Ali Pasha (älēˈ päshäˈ) [key], 1744?–1822, Turkish pasha [military governor] of Yannina (now Ioánnina, Greece), a province of the Ottoman Empire (Turkey). He was called the Arslan [lion] of Yannina. His father, governor at Tepelene in S Albania, was murdered, and Ali went to live with the mountain brigands who infested the country. He soon rose to leadership among them, came to the attention of the Turkish government, and as its agent put down the rebellion of a governor at Scutari in Albania. About 1787 he became governor of Yannina, where his power grew until he ruled as a quasi-independent despot over most of Albania and Epirus. He made war on the French along the Adriatic coast and entered an alliance (1814) with Great Britain. Valuing Ali's services, the sultan let him do as he wished until, in 1820, Ali ordered the assassination of an opponent in Constantinople. Sultan Mahmud II ordered Ali deposed. Ali refused to comply, thus keeping Turkish troops engaged against himself while they were needed against the Greeks, who had begun their fight for independence. Ali was assassinated by an agent of the Turks; his head was exhibited at Constantinople. The wild yet cultured court of Ali was described by French and English visitors, notably by Byron in Childe Harold.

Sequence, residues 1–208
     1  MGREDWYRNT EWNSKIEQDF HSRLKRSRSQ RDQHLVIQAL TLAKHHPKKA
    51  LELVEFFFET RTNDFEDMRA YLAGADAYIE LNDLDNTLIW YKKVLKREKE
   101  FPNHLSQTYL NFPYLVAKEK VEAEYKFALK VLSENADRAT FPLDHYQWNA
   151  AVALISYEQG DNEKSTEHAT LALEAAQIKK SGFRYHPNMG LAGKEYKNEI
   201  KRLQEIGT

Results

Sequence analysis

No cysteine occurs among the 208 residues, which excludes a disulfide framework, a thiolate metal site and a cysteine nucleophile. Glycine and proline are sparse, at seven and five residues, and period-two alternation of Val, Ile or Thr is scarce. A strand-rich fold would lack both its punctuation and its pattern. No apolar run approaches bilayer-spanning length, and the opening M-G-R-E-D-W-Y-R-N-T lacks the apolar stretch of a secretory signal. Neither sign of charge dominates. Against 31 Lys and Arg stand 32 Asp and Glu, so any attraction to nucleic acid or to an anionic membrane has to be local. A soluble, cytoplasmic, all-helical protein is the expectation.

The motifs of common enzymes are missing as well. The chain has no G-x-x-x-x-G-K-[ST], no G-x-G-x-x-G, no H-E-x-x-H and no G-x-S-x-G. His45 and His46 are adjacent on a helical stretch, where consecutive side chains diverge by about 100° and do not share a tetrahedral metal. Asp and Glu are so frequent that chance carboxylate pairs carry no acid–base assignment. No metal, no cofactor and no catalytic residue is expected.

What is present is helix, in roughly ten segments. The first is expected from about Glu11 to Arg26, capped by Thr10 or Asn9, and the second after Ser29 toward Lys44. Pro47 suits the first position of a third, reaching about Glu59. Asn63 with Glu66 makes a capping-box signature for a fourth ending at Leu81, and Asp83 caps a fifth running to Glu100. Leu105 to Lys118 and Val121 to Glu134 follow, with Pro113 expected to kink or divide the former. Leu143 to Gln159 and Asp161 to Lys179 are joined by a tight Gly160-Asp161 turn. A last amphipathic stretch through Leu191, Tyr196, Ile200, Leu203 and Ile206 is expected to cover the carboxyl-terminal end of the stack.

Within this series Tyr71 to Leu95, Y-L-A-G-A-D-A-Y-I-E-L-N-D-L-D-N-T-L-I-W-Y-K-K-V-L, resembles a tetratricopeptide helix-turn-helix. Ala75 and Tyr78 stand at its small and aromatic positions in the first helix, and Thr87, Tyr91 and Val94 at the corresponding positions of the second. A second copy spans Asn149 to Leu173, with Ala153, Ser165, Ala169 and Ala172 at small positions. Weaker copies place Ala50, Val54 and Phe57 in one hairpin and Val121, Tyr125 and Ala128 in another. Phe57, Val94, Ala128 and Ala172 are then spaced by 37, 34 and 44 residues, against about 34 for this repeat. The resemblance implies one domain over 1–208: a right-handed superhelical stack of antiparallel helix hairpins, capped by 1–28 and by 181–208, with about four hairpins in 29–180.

The Columbia Electronic Encyclopedia, 6th ed. Copyright © 2012, Columbia University Press. All rights reserved.
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